1.  Get out the information. This year, we’ve made a commitment to focus our energy on the action we, as yogis, can take after we roll up our mats.  First, we’ve outfitted all four studios with “Community Action Boards” with information on movements like CSAs (Community Supported Agriculture) and the damage plastic water bottles do to our environment.  We remind people when it’s time to vote.

That's a lot of effing plastic....

2.  Donate to a charity with time and/or money. If there is not a charity near and dear to your heart, find one. Or better yet, create a new one. We are in the process of doing that ourselves.  It may take a little extra time and work, but if the cause is personal and you are passionate about it, it will thrive!  Fund raising yoga classes are also a great way to create awareness, they are easy to set up, and they can galvanize the community.

3.  If you run a Teacher Training Program, require your graduates to teach a minimum of five yoga classes in the community. Encourage them to pick a place that has little or no access to yoga.

These are just the start.  The possibilities are endless!

On an Anglican Bishop’s tomb in the crypt at Westminster Abbey, written nearly a thousand years ago, are these words:

When I was young and free and my imagination had no limits, I dreamed of changing the world.  As I grew older and wiser I realized the world would not change, and I decided to shorten my sights somewhat and change only my country. But it too seemed immovable. As I entered my twilight years, in one last desperate attempt, I sought to change only my family, those closest to me, but alas they would have none of it. And now here I lie on my death bed and realize (perhaps for the first time) that if only I’d changed myself first, then by example I may have influenced my family and with their encouragement and support may have bettered my country, and who knows, I may have changed the world.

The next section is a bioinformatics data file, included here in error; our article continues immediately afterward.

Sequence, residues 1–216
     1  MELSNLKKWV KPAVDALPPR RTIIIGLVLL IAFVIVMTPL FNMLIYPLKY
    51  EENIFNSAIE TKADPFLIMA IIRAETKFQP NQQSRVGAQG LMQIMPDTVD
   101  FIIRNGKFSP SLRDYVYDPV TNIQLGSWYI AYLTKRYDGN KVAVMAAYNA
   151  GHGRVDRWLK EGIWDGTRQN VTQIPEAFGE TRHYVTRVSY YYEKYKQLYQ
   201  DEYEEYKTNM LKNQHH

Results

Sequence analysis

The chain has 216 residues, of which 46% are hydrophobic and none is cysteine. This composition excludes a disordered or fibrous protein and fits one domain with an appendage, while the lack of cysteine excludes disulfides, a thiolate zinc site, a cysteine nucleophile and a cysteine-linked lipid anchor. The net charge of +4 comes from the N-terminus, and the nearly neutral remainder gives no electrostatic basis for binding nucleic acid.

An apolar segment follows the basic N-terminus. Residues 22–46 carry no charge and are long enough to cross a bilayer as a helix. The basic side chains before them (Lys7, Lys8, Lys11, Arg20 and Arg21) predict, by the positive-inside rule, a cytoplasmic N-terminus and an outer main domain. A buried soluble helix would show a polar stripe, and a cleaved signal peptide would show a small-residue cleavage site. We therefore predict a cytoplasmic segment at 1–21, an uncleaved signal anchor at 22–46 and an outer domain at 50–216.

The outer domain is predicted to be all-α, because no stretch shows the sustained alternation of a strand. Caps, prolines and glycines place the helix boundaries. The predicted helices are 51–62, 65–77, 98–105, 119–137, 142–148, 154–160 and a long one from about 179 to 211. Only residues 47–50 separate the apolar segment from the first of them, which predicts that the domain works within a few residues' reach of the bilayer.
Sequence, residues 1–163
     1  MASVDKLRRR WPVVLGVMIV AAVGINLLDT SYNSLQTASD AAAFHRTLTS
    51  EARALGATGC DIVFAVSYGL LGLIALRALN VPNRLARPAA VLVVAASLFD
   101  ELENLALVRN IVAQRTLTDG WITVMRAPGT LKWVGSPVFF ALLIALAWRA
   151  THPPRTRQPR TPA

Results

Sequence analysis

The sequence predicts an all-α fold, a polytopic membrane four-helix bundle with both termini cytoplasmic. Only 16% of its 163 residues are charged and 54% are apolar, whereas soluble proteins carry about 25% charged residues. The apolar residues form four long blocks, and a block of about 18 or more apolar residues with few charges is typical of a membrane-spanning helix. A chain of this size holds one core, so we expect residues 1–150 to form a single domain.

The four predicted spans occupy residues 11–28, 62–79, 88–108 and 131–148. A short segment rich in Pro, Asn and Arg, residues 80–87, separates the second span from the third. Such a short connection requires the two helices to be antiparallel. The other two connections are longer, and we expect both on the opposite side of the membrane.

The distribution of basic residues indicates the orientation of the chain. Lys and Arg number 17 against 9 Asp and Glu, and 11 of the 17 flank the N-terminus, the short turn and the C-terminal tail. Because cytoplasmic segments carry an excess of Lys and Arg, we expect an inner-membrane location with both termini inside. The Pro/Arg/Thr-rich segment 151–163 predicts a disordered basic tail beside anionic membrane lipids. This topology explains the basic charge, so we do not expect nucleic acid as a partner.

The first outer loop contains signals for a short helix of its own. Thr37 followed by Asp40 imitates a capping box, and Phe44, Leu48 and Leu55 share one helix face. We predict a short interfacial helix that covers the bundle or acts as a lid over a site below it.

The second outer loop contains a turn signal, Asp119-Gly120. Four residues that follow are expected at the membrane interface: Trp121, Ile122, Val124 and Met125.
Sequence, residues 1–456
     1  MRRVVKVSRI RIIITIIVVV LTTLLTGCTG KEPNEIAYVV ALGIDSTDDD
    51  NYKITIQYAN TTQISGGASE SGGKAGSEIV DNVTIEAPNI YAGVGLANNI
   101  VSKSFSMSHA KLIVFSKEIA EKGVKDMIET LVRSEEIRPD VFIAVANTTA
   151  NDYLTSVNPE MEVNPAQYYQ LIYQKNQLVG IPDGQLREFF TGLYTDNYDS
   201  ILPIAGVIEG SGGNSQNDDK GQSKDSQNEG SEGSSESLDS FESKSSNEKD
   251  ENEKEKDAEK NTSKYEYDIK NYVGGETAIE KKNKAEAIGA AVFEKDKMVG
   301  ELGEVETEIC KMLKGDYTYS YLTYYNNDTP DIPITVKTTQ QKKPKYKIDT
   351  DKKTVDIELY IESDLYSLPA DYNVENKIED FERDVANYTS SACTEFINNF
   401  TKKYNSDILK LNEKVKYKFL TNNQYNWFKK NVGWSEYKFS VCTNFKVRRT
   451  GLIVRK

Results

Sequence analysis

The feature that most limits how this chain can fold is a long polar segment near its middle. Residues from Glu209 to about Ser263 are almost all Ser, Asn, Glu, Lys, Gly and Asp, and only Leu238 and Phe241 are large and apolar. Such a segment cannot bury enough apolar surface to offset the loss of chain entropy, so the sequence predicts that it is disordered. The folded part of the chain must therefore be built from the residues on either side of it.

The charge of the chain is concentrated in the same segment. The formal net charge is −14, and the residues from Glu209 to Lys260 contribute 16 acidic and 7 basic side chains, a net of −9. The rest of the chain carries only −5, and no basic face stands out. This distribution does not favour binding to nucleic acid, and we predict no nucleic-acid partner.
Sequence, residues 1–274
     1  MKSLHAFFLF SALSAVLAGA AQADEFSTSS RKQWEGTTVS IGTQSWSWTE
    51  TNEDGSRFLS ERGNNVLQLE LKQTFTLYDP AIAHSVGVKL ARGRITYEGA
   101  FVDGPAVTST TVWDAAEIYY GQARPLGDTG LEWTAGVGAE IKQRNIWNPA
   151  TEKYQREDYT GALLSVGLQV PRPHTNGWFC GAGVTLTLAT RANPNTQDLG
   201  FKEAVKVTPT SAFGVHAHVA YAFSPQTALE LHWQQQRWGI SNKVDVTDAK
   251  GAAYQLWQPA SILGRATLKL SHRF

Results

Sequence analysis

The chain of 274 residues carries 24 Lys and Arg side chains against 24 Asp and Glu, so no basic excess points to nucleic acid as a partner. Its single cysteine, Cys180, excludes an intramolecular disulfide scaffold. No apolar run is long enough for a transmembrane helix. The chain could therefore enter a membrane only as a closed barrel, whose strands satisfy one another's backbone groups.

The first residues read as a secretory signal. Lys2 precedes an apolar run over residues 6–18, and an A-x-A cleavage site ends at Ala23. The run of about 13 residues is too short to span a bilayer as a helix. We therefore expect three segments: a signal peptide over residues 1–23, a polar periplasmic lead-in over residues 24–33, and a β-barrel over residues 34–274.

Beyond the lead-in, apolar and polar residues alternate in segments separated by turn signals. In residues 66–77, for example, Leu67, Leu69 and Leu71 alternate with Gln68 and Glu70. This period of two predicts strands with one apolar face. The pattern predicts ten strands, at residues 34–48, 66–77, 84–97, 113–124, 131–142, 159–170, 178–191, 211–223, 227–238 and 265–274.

Next week, a follow up to this article.  “The Question: Donation Yoga or Not Donation Yoga.  The Answer?  The world needs both!”

About Sean Conley

Sean Conley, along with his wife Karen, founded the Amazing Yoga Studios in Pittsburgh, PA. They are co-authors of Amazing Yoga: A Practical Guide to Strength, Wellness, and Spirit. They lead Power Vinyasa Yoga Teacher Trainings in Mexico and Costa Rica. They have 4 kids who sometimes tag along with them to these amazing places. Sean bounced around in the NFL for 4 years. But after injuries and getting cut by a number of teams, he moved on and luckily stumbled into yoga. He believes yoga is an incredible way for all of us to practice healing ourselves physically, mentally, emotionally, and spiritually. And at the same time, we can help heal the planet. Yoga can change the way we think, eat, talk, and interact with others. Website: www.amazingyoga.net Facebook: SeanFacebook Twitter: @Sean_Conley_